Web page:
Regulars and Shorts, Shall We Dance

Shall We Dance? HereAfterHere

By Amy Brunvand

Tandy Beal presents a self-guided tour of eternity.
—by Amy Brunvand


In the Hindu sacred text, the Mahabharata, a half-god half-demon Yashka asks Yudhistira, the “King of Dharma,” a riddle: What is the greatest wonder in the world? Yudhistira answers, “Every day countless people die and depart from the world, yet those who remain alive here hope for everlasting life.”

Indeed, if you ask a 100 different people, “what happens after we die?” you will get a 100 different answers, and Tandy Beal, who describes herself as a “director, choreographer, performer, teacher and dreamer,” has been asking. So far she has asked over 500 people about the greatest wonder in the world, and she has used their answers to create “HereAfterHere,” a multi-media program of dance, music, poetry, video and magic. She’s not trying to find a definitive answer, but rather is using art and metaphor as a way to get people talking about the unknown. “It opens the door to this astonishing event in our lives, and it’s an invitation to simply rest in the question,” she says.

Beal did an enormous amount of research in order to include a wide array of historical, cultural and religious views. “This concert makes no proclamations about what happens,” she says. “Different religions have strong points of view but they happen to be different from each other.”

Although the topic is death, Beal says that “HereAfterHere” was not inspired by tragedy but by her fascination with the kind of big questions that come up in your midnight mind: What the heck are we doing here? Where is the hereafter located? Why is it so exclusionary? Why is it for eternity? How do we get in? What is the price of admission? “The central metaphor is, this is an astonishing magical event that happens to everybody,” she says, “When you consider if there’s a possible afterlife, it helps you step back from the intensity of personal grief and look at the whole picture of every living thing on this planet.”

This magical and spiritual element is expressed in dance and in the multimedia aspects of the show which includes video by University of Utah dance professor Ellen Bromberg and filmmaker Denise Gallant Beal, and music by Jon Scoville. The show is visually and emotionally engaging. “As my husband [Scoville] would say, it’s half theatre, half dance and half video. The blood that connects everything is his music which is, dare I say, divine. So it’s three quarters music, too.”

She has found that people are hungry to talk about the afterlife in a culture that often avoids the inevitability of old age and death. She says, “With Boomers taking care of their parents and looking at themselves aging, this is a hot topic. Botox and Viagra are not going to solve this issue. In America we kind of think death is optional.”

People are so eager to talk that one of her experiments proved almost too successful: “In my first version I had everyone give each other their cell phone numbers to call each other. They didn’t know who they were talking to but we couldn’t get people off the phone. I took it out because a half-hour break was way too long.”

In California, “HereAfterHere” drew sold-out crowds (unusual for a modern dance performance, to say the least) and right now Beal is customizing the production for Utah. Working with the University of Utah Department of Modern Dance, artist Carleen Jimenez and other partners, she is putting together a cast of Utah dancers that includes Ari Audd, Jo Blake, Sara Donahue, Paul C. Ocampo, Chien-Ying Wang, Chia-Chi Chiang, Aaron Wood, and tango dancers Brian Salisbury and Barbara Zakarian. She is also organizing an ambitious program of interrelated events, and interviewing local people about the big questions. “I’ve done one set of interviews in Utah already and I’ve found the diversity thrilling here,” she says. The clips in the show express as wide diversity as possible, from “It’s all blackness” to “I’ll sing and dance with all my loved ones.” (You can participate in the ‘Leaning into the Light’ interview project at the Salt Lake Main Library on May 1 & May 4.)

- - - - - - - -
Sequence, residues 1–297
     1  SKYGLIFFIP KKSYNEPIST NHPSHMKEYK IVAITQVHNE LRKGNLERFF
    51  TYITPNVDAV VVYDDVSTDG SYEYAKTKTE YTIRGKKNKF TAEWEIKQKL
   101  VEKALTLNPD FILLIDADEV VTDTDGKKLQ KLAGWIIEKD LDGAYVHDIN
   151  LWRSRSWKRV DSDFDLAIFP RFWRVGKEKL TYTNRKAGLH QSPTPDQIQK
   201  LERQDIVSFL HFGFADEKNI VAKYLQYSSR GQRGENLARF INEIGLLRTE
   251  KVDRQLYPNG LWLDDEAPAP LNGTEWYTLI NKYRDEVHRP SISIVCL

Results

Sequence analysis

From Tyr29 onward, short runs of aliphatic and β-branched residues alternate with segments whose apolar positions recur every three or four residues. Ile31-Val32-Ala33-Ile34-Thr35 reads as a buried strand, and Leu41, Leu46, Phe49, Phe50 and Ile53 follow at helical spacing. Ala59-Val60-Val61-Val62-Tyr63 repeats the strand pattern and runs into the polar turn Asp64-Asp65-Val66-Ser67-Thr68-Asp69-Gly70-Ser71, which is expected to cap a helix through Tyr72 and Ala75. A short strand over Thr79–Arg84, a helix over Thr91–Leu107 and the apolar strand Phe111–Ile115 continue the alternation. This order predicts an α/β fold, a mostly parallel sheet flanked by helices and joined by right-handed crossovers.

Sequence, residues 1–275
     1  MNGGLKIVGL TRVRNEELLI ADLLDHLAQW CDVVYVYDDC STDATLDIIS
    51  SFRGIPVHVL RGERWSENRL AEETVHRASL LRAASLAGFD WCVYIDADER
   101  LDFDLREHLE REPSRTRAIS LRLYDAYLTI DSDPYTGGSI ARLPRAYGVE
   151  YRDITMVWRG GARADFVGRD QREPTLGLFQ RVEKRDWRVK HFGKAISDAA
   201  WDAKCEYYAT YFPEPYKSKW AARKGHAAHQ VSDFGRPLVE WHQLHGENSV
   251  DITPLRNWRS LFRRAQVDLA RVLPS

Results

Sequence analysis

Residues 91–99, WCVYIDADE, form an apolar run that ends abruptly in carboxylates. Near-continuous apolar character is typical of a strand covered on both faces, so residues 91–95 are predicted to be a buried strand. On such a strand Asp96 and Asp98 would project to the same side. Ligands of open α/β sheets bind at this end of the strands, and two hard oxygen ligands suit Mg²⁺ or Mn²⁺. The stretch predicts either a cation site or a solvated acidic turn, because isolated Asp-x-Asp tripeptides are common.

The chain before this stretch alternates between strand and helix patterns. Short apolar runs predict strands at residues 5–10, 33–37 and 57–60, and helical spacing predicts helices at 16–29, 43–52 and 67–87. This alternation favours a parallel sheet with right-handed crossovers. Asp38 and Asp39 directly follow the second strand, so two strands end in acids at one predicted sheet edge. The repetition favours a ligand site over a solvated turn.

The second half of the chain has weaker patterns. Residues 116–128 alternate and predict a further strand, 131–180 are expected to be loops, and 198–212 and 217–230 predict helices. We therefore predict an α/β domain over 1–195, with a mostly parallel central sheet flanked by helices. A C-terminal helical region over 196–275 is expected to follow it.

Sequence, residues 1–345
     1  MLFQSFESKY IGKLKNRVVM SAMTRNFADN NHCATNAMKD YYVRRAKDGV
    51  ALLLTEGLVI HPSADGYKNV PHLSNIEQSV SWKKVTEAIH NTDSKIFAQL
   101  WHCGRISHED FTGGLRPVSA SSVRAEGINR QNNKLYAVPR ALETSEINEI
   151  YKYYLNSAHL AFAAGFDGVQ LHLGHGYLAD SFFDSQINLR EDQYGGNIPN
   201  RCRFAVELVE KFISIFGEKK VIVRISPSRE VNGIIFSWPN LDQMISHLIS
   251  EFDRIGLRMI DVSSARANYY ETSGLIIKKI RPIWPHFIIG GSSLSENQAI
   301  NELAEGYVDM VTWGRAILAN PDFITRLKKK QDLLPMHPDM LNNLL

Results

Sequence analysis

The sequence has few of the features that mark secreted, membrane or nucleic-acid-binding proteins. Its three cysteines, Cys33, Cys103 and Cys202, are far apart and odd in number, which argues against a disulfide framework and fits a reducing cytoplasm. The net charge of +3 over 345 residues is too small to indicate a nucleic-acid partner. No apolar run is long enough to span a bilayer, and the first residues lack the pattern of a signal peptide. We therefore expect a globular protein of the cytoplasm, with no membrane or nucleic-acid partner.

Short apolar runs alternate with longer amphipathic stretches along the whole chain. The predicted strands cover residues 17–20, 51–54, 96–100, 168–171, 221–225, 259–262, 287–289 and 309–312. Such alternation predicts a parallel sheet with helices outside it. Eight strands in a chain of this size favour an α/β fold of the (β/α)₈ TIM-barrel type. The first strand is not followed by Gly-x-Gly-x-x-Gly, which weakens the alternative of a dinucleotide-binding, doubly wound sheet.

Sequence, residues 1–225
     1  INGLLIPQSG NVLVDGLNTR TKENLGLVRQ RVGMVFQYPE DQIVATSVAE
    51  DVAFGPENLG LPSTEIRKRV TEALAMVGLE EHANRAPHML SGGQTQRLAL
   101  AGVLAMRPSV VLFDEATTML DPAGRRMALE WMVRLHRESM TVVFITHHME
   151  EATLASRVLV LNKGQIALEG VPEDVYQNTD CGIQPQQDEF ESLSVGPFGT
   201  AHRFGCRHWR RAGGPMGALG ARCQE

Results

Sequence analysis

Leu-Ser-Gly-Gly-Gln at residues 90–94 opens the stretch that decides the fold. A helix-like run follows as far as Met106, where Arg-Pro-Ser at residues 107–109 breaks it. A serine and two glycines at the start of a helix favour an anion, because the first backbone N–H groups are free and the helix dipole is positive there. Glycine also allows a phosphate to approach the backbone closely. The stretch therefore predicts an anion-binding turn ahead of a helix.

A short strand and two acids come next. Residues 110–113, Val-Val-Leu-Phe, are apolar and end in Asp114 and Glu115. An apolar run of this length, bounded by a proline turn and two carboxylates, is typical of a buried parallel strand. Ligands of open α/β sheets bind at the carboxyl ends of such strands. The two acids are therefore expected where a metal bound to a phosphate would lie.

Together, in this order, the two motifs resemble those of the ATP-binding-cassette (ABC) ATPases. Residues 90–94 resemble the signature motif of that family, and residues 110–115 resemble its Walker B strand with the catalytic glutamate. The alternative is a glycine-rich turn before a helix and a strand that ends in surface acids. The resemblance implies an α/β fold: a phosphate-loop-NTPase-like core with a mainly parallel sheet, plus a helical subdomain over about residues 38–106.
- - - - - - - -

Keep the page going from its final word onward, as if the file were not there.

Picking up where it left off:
Because the purpose of the work is, after all, to start a community conversation, the “HereAfterHere” dance performance is really just the centerpiece of a full week of related workshops, films, discussions and a fundraiser for Utah Hospice. “If people come to all the workshops they will get a whole retreat for free,” Beal says. Then she offers Groucho Marx’s famous last words, “Die, my dear? That’s the last thing I’m going to do.”

“HereAfterHere: A self-guided tour of eternity”
Marriott Center for Dance (U of U campus)
May 9, 7:30pm (hospice benefit);
May 10, 7:30pm;
May 11, 2:00pm & 7:30pm. $15-30.

Related Events, April 25-May 6 (Look for details and a full schedule at
April 25
—Present at the Passing. Workshop and discussion about the end of life led by hospice chaplain Kelly Fogarty, First Unitarian Church, 569 S. 1300 E. SLC
May 1
—Pondering the Imponderable: Metaphors of Science, Art and Religion. Symposium. SLC Main Library, 6:30pm
—Leaning into the Light: Record a brief version of what you think happens after you die. Noon-6pm. SLC Main Library.
—Film: After Life (1998) 6:30pm. SLC Main Library. Discussion moderator, Paul Reynolds.
May 2
—Present at the Passing (repeat) 6:30pm, SLC Main Library.
May 4
—Leaning into the Light (repeat) Noon-6pm. SLC Main Library.
—Always be Prepared: Meet experts about end-of-life financial and healthcare planning. SLC Main Library. Noon-6pm
—Film: Orpheus (1949) 2:00pm, SLC Main Library. Discussion moderator, Carleen Jimenez.
May 6
—Pondering the Imponderable: Metaphors of Science, Art and Religion. Symposium on the use of metaphor to talk about the unknown. 6:30 SLC Main Library.

This article was originally published on March 29, 2013.